Earl Dismuke

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by Kristina Domitrovich // photos by Lindsay Pace

Earl Dismuke grew up on his parents’ farm in Winona, Mississippi. He always knew what he wanted to be when he grew up, but didn’t know if it could become a reality.

“As a kid, I always knew that I wanted to do something creative and be an artist,” he said. “But I didn’t really know how that looked like; (had) never seen any examples of that.”

Now, this husband, father of four, and business analyst for a software company found a way to make his childhood dream a reality. Dismuke has paved his way to be a sculptor.

“It’s welding and cutting and torching and grinding and scratching your head — all of that,” he said, chuckling.

Shortly after graduating from the University of Mississippi in 2007 with a bachelor’s degree in fine arts and sculpture, he and his wife decided to settle down in Oxford. That’s when Dismuke decided to take a hiatus from art to start his family. When he came back, he did it with a bang by co-founding the Yokna Sculpture Trail in Pat Lamar Park in 2015. The Trail features 18 large-scale sculptures that are rotated out to display other artists’ work. For Dismuke, it’s all about bringing art to everyone.

“I know there are people out there that don’t feel comfortable maybe going into a museum or going into a gallery,” he said. “Both entities are great — galleries and museums, I’m not knocking those — I just think that there are some people out there who don’t feel comfortable going into those places, and they can still be moved by the artwork that’s been placed in the public.”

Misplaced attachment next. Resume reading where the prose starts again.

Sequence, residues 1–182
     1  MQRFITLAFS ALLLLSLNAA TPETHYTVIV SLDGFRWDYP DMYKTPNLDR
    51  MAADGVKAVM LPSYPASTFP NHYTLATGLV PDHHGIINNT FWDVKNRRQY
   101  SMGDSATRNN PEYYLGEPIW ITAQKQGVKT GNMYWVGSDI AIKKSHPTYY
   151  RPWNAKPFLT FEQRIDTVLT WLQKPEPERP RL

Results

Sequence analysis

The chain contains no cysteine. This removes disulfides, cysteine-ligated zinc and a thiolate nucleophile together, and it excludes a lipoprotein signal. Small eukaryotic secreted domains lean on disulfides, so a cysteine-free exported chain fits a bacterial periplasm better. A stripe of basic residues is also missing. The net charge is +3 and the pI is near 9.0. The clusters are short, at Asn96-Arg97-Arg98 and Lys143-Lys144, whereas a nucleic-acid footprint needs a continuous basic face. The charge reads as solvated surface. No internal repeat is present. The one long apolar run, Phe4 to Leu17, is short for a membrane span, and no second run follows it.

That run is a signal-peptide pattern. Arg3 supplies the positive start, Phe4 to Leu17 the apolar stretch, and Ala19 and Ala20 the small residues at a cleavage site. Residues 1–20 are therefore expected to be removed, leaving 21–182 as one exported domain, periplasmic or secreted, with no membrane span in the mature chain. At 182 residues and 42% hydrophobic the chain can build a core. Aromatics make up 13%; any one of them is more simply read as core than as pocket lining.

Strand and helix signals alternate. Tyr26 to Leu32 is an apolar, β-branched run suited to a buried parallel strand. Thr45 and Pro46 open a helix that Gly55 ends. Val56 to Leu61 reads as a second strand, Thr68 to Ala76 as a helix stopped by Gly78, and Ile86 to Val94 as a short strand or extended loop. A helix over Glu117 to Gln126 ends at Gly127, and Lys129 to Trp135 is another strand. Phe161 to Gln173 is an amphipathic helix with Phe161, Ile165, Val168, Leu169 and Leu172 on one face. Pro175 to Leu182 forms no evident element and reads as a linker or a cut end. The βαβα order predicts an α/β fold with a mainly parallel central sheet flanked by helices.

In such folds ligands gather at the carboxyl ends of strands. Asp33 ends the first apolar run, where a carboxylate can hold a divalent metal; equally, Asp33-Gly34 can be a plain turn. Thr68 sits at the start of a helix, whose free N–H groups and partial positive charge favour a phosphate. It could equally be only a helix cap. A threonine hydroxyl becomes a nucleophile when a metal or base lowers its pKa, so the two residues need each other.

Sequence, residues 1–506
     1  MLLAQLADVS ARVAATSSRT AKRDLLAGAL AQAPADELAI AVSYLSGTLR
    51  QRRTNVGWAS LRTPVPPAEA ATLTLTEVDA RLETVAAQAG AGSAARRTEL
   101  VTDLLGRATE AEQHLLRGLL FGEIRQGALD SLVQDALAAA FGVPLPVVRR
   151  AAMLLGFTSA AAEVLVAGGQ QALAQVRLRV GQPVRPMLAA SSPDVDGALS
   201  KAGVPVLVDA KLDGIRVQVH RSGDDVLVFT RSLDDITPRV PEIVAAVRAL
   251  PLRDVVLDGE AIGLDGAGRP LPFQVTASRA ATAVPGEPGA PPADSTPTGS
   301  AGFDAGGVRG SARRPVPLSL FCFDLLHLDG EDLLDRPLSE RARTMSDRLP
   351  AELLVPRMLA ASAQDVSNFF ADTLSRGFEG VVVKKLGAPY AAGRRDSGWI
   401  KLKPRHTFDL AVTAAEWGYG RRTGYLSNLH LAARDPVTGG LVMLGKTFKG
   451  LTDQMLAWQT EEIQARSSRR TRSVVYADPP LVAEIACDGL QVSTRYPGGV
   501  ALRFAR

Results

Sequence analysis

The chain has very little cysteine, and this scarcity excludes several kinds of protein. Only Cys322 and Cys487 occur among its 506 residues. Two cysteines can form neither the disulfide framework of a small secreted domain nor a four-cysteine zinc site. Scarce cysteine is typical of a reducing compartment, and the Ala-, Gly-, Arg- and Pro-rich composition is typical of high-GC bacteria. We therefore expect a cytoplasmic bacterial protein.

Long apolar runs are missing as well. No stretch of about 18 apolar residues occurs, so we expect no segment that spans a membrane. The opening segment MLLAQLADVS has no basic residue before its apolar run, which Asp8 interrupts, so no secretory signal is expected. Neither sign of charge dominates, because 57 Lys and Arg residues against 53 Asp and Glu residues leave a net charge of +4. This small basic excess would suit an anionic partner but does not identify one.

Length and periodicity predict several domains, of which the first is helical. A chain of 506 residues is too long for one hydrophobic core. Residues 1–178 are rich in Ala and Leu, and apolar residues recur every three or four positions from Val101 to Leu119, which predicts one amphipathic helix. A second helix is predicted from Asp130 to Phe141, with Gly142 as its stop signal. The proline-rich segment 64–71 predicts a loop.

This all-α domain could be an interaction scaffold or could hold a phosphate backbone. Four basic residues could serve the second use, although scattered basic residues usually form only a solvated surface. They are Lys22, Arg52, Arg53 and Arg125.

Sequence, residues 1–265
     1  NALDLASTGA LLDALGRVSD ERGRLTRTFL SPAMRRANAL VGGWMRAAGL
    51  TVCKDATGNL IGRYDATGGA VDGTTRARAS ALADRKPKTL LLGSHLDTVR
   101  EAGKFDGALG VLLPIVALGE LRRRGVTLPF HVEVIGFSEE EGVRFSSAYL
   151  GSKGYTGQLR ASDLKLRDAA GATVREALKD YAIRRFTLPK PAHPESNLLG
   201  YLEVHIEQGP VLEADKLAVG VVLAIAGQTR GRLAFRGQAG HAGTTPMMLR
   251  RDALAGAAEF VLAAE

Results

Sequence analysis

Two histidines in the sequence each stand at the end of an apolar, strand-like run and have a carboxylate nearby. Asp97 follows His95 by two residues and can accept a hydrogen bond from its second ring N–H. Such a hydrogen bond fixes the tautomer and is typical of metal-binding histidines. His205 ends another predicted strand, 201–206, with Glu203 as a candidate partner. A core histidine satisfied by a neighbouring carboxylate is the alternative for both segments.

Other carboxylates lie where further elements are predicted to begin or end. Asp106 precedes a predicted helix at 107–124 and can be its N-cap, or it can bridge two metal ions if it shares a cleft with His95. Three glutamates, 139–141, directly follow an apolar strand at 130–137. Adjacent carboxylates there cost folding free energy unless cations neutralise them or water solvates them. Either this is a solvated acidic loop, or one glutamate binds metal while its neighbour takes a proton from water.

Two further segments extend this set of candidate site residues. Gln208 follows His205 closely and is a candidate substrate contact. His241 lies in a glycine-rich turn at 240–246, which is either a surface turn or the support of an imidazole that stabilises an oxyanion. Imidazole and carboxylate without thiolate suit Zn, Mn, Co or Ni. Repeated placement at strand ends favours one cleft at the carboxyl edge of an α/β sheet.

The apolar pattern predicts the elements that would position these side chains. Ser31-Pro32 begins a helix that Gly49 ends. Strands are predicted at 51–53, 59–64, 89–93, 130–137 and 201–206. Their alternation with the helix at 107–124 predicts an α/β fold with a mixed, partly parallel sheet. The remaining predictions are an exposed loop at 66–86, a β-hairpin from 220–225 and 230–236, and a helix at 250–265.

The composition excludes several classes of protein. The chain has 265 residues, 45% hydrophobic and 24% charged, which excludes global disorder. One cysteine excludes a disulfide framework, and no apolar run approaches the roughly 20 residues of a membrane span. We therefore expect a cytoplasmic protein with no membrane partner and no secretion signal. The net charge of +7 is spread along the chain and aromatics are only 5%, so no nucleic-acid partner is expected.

For Dismuke, being an artist who hopes to reach those people through his exhibits makes the honor of placing a sculpture that much more meaningful. He has three pieces in New Orleans, a show and gallery in Waveland, Mississippi, a showing at the Oxford Treehouse Gallery, and has participated in shows from Portland, Oregon, Madison, Wisconsin, Lima, Peru, to Basel, Switzerland.

As an abstract expressionist — from large-scale pieces to smaller, bronze or cast iron pieces incorporating Buddy Lee bobble heads — he knows his work won’t always translate the exact way he had thought of his creations; but he said this is where the fun starts.

“You might get something totally different out of what I was thinking for that, and that’s OK because whatever you brought into that and whatever you’re thinking about, that is something dealing with you,” he said. “That’s you putting a little bit of yourself into that. You don’t have to like it. But at some point, that’s where you and I made that connection, right?… And that’s where all the magic happens as an artist.”

 

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